Don Staniford films himself in a kayak during a visit to a Scottish Sea Farms site earlier this year, at a time before he gave a commitment to a court to stay off the company's pens and other property.

Anti-salmon farming activist bids to overturn court’s ‘stay away’ order


Anti-salmon farming activist Don Staniford will attempt to overturn a court ban on his covert visits to Mowi Scotland’s fish farms at an appeal hearing next year.

Fish Farming Expert understands that a one-day hearing will be held by the Sheriff Appeal Court in Parliament House, Edinburgh, on February 1, 2024, following a procedural hearing that was held via video earlier this week.

Mowi, Scotland’s biggest salmon farmer, was granted an interdict (injunction) against Staniford at a hearing at Oban Sheriff Court earlier this year. The interdict orders Staniford to stay at least 15 metres away from Mowi’s marine sites and to keep out of its shore bases.

Salmon producer Scottish Sea Farms has applied to the Oban court for a near-identical interdict against Staniford, and the activist has passed Fish Farming Expert a copy of an initial writ sent to him by lawyers representing another salmon farmer, Bakkafrost Scotland.

Extended interdict

The writ asks North Strathclyde Sheriffdom for an extended interdict against Staniford, who Bakkafrost Scotland says has visited its sites “uninvited and without permission” since at least 2018.

Staniford has given an undertaking to Oban Sheriff Court that he will stay off SFF’s fish pens and out of its shore bases while the company’s case is active, and Bakkafrost’s writ points out that because Staniford can no longer visit Mowi or SSF farms, it “has a reasonable apprehension” that he will focus his attention on its sites.

Talks are believed to be still ongoing between lawyers representing Bakkafrost Scotland and Staniford.

Kayaked to pens

Staniford has frequently kayaked to pens, often early in the morning before farm staff arrive, so that he can climb on to the walkway, lift bird netting, and use a GoPro camera on a pole to film moribund fish close to the surface. He uses the images on his own website and social media channels and passes them on to other anti-salmon farming groups.

On other occasions he has opened mort bins in shore bases and filmed inside, and at other times he or an associate have used a drone to film farm activities.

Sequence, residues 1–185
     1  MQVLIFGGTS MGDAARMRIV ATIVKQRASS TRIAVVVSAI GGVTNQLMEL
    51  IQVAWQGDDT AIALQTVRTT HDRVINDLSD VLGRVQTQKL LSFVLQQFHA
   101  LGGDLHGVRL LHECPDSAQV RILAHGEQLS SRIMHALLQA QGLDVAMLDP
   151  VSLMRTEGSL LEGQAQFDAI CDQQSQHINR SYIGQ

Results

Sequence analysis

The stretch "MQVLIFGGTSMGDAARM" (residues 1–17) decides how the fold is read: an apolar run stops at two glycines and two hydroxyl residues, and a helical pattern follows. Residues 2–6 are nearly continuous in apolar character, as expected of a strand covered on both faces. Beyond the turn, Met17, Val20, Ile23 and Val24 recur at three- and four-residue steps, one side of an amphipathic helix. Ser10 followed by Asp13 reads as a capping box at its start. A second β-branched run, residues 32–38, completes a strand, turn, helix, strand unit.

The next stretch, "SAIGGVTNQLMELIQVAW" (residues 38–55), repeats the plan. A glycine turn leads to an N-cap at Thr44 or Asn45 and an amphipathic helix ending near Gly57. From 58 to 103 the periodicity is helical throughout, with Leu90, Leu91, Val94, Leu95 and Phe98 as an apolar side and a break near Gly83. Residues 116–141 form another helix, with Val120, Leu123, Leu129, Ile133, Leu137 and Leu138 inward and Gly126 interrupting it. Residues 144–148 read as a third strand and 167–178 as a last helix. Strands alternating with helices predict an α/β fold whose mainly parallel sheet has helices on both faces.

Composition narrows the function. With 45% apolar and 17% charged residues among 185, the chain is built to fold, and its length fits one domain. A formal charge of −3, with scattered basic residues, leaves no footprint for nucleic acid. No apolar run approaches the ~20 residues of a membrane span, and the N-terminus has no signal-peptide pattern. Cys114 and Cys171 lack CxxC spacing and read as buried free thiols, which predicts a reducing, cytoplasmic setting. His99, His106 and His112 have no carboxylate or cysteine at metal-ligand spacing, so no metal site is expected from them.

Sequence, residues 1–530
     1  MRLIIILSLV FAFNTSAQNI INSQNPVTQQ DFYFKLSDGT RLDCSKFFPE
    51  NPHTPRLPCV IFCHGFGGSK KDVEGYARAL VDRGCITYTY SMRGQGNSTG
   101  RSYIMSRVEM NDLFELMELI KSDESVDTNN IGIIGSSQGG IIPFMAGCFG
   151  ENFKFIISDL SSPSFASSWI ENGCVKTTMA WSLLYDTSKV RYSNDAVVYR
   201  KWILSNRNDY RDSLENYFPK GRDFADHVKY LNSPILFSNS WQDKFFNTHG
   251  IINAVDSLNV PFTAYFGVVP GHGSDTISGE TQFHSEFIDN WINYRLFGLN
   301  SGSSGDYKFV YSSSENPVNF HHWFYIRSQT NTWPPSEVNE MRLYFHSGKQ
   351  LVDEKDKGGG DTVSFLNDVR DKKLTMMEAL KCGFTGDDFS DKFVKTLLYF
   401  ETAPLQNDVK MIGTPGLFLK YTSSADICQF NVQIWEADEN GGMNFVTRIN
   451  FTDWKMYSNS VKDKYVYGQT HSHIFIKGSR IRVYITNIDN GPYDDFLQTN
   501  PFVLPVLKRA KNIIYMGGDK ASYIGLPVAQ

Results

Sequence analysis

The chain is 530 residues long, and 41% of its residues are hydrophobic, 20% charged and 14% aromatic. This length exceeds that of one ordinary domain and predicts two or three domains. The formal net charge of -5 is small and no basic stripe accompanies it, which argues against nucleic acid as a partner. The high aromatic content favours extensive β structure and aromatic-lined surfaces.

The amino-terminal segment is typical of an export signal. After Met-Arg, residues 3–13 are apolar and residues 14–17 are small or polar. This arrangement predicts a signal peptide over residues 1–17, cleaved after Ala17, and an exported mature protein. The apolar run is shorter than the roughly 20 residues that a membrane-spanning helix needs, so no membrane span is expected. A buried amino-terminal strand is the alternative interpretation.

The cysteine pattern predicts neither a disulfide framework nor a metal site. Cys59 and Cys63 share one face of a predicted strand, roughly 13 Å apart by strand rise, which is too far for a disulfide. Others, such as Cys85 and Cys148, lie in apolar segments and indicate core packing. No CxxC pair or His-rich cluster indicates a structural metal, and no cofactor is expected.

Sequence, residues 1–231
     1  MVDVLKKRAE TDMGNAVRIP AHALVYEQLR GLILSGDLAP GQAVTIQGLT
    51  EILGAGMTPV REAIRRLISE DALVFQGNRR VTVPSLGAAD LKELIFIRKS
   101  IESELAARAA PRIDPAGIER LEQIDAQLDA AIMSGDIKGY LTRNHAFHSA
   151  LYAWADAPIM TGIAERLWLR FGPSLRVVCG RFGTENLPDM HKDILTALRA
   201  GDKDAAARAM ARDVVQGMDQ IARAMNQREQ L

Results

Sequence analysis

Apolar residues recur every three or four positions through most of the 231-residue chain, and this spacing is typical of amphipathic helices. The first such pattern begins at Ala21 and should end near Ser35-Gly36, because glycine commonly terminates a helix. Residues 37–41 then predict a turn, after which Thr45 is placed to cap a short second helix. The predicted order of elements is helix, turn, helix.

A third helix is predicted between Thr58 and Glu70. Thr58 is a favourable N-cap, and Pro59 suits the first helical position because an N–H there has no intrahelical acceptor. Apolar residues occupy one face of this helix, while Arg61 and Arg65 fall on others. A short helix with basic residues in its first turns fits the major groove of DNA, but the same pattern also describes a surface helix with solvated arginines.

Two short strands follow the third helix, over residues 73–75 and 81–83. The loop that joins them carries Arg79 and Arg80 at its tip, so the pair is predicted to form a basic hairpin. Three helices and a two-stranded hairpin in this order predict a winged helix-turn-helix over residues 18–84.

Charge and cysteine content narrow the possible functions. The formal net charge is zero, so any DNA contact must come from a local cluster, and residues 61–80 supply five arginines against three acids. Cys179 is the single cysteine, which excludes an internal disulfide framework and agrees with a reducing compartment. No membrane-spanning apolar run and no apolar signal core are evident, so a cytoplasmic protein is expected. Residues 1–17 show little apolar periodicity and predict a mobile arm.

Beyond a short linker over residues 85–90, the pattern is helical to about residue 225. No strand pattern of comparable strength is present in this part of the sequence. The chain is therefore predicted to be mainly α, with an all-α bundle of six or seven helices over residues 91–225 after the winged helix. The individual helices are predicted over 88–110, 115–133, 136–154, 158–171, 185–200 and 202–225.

Mowi, SSF, and Bakkafrost all contend that Staniford’s activities pose a safety risk to himself and their staff, and are also a biosecurity risk to fish.

Harassment and intimidation

When Mowi first applied for an interdict, Mowi Scotland chief operating officer Ben Hadfield said in a press release that Staniford’s behaviour and actions over the preceding two years caused great concern and were not something that his staff should have to endure while going about their daily work.

“Everyone should be able to go to work and expect their workplace to be free of harassment and intimidation,” said Hadfield.

The press release cited a 2012 court case in Canada in which Mainstream Canada, an indirect subsidiary of salmon farmer Cermaq, attempted to sue Staniford for defamation.

In her written judgement, the Honourable Madam Justice Adair pointed to Staniford mocking the physical appearance of three woman who provided testimony and described Mr Staniford as “akin to a zealot” who will “twist facts to conform to his own personal view”.

Ensuring safety

Hadfield said in the press release that while Staniford’s behaviour and “complete lack of respect toward our employees” were deeply concerning, the basis for Mowi Scotland’s court proceedings was to ensure the safety and wellbeing of its employees, its fish and Staniford and his associates.

He added: “Our business also receives much oversight from licensed professionals, government regulators and third-party auditors, and therefore does not require the services of self-appointed individuals.”

Staniford argues that the companies are trying to hide what he says are the realities of the sector and regards interdicts as SLAPPs (strategic lawsuits against public participation). But unlike SLAPPs, Mowi’s interdict and Staniford’s undertaking not to visit SSF pens do not prevent him from publishing videos and making accusations against the sector, which he continues to do.

“Establishing no-go zones around salmon farms – including land bases – is a dangerous precedent that erodes public accountability and transparency,” he has said previously.